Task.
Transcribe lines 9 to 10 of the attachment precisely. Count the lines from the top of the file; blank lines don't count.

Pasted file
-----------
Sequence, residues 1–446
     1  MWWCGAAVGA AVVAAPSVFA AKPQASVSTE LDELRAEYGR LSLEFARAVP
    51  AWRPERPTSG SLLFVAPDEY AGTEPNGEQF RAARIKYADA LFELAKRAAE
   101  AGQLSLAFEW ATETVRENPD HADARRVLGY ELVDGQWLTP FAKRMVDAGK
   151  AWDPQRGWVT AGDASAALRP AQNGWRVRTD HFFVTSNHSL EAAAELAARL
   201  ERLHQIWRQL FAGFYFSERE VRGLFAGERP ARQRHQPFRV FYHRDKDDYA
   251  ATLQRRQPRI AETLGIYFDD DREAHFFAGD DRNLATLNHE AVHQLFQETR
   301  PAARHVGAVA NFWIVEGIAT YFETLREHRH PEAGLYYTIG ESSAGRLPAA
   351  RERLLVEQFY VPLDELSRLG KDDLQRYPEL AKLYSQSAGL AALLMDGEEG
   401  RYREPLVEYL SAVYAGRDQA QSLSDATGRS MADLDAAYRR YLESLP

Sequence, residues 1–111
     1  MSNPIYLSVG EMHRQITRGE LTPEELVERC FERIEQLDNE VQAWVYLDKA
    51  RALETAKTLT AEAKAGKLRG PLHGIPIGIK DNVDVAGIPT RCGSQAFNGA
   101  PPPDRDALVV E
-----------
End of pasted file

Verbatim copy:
   351  RERLLVEQFY VPLDELSRLG KDDLQRYPEL AKLYSQSAGL AALLMDGEEG
   401  RYREPLVEYL SAVYAGRDQA QSLSDATGRS MADLDAAYRR YLESLP